art by Agata Maciagowska
A Last Resort
by Phil Temples
The boy scratched his chin. He nodded to himself; then he moved a group of pieces a few centimeters on the board. Seconds later, the computer reacted by rearranging the opposing force into two separate, smaller groups. The boy thought this was a good sign. He would know better after two or three more moves.
Philip used to play the game frequently with his father. His father was a great strategist--he taught Philip well. His father had praised Philip's skills. Philip was an exceptional player--especially for one so young. Indeed, at eight years of age, he could outplay most adults. He wished his father were still alive so that they could play the games together.
Philip paused the computer program for a moment.
"Swishhhhh," Philip cried, as he waved two aerial attack vehicles through the air with his hands. "Bah-bah-bah-bah-bah!" Philip made firing noises at the opposing ground troops of the enemy's 12th mechanized battalion and 5th armored cavalry. Thanks to the elaborate modeling program, the pieces were accurate in every detail.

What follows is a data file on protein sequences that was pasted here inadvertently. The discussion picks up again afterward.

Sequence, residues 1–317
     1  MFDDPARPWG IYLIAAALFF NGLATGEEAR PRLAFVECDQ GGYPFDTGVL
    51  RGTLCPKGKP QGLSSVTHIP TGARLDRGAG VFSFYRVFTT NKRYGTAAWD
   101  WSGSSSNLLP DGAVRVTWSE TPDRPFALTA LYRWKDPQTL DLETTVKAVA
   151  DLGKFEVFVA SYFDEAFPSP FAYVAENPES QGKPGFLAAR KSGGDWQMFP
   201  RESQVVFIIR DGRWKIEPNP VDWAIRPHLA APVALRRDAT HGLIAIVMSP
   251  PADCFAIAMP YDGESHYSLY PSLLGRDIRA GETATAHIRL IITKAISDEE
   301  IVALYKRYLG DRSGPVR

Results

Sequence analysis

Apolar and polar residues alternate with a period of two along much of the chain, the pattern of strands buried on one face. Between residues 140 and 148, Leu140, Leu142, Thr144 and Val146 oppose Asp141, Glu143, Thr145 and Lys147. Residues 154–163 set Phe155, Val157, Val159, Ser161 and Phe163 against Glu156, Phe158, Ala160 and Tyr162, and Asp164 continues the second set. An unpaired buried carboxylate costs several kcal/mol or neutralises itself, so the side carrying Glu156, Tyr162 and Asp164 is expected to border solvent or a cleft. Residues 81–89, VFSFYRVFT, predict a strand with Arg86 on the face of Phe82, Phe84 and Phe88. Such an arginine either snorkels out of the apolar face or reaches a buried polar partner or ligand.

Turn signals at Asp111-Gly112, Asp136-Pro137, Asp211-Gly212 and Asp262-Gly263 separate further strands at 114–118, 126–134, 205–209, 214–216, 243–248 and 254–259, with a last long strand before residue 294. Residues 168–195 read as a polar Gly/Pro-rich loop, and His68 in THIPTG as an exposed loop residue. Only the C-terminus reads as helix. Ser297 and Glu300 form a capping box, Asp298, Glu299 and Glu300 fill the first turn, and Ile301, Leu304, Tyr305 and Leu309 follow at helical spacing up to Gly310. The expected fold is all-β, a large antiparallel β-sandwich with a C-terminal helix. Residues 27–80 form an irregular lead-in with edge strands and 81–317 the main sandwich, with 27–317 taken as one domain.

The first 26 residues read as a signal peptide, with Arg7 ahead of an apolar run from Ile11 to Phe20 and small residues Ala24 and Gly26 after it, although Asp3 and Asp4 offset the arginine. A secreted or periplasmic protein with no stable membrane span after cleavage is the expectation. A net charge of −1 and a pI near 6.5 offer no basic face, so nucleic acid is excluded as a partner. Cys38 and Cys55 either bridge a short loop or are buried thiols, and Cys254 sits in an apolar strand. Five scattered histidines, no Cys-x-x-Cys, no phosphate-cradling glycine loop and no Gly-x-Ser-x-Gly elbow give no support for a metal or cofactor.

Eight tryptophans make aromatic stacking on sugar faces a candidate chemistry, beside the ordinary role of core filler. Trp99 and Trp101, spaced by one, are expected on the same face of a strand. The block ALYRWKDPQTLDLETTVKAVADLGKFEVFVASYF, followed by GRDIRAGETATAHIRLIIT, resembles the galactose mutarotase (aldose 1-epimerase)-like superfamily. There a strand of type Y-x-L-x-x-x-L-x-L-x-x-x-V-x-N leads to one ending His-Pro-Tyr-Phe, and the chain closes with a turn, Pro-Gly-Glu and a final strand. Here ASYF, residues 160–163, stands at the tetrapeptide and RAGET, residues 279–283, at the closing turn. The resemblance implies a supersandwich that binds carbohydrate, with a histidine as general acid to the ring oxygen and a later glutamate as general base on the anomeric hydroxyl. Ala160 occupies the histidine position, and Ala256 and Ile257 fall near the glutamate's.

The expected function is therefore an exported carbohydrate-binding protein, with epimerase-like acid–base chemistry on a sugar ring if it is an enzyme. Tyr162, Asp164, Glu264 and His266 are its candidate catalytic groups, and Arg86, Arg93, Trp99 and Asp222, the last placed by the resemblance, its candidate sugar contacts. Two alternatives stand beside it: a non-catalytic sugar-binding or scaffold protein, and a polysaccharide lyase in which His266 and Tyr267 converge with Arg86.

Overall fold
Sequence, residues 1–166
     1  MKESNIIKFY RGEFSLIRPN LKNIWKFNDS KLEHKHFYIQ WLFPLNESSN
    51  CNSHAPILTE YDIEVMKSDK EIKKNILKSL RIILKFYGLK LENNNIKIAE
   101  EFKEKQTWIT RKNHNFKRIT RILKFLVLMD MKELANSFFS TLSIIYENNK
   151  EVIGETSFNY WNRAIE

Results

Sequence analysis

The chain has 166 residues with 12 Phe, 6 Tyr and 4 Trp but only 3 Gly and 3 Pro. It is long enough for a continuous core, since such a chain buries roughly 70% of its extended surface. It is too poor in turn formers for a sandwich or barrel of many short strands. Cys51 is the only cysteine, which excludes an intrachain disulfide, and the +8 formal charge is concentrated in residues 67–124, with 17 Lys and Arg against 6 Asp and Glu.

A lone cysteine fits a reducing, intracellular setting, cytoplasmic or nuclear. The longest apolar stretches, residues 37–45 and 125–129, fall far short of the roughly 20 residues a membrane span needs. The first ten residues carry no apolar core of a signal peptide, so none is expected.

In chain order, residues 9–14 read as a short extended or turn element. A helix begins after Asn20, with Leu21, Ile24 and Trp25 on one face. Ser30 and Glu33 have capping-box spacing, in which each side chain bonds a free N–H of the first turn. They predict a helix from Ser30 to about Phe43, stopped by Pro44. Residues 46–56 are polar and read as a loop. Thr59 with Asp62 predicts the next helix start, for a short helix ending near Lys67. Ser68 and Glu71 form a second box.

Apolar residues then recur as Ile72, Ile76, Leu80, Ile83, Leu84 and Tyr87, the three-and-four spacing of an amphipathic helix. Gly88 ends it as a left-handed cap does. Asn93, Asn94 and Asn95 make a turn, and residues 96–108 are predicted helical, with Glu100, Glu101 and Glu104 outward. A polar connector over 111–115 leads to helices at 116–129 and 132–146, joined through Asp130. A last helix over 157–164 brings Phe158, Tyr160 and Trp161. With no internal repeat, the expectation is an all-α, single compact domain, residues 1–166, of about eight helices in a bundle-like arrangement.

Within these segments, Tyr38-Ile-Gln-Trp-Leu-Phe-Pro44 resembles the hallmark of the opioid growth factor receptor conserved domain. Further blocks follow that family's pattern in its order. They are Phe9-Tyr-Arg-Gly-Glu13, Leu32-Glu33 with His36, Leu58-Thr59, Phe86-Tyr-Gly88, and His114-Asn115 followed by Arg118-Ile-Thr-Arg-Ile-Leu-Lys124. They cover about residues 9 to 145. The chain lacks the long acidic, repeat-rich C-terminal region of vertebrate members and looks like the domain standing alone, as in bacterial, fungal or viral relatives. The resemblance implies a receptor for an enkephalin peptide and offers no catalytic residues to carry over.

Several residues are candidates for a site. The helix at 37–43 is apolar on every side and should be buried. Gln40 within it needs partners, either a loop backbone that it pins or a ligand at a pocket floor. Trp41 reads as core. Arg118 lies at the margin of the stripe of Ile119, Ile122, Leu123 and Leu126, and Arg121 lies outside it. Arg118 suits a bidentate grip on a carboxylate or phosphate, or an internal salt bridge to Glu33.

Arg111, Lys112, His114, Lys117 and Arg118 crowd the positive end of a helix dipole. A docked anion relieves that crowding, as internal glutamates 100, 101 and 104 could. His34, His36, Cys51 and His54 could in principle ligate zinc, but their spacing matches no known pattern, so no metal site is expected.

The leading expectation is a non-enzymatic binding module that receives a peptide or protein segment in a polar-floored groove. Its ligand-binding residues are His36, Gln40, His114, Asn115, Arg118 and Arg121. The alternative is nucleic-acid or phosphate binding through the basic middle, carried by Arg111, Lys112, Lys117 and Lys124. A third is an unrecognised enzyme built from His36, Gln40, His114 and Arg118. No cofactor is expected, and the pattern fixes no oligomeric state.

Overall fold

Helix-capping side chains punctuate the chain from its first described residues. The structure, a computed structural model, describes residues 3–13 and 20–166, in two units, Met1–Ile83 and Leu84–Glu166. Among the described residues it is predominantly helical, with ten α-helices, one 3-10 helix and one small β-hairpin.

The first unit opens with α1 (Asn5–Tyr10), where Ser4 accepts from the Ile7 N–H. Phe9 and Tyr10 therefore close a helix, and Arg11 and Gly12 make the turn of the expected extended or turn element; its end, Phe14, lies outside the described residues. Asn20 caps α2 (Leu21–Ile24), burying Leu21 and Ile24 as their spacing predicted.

Philip picked up more pieces representing the 101st laser assault group and positioned them near the 12th mech. "Zappppp! Zappppp! You're dead! All of you!"
The boy imagined the enemy's vehicles and artillery upended like toys, disintegrating under the merciless fire from his aircraft and laser batteries. Men were vaporized, leaving only tiny wisps of smoke. Although Philip had never witnessed a man die, he had listened to the colorful stories told by his father and uncle, both seasoned warriors and veterans of many successful campaigns.
Philip caught himself.
"No," he said, out loud. His father had taught him that wars were ugly, awful affairs to be undertaken only as a last resort when all peaceful and diplomatic efforts had failed. It was not right to glorify the slaughter of men. Even in pretend play.
The little boy abruptly stopped playing soldier and shut down the machine. He sat down in the magnificent leather chair that was once his father's. Philip put his head down in his lap and held on to his knees, gently rocking to and fro. He suddenly felt a tremendous sadness. He felt very small.
Moments later, Philip noticed that his uncle, Seymour, was standing in the doorway. Seymour had been studying the young boy intently.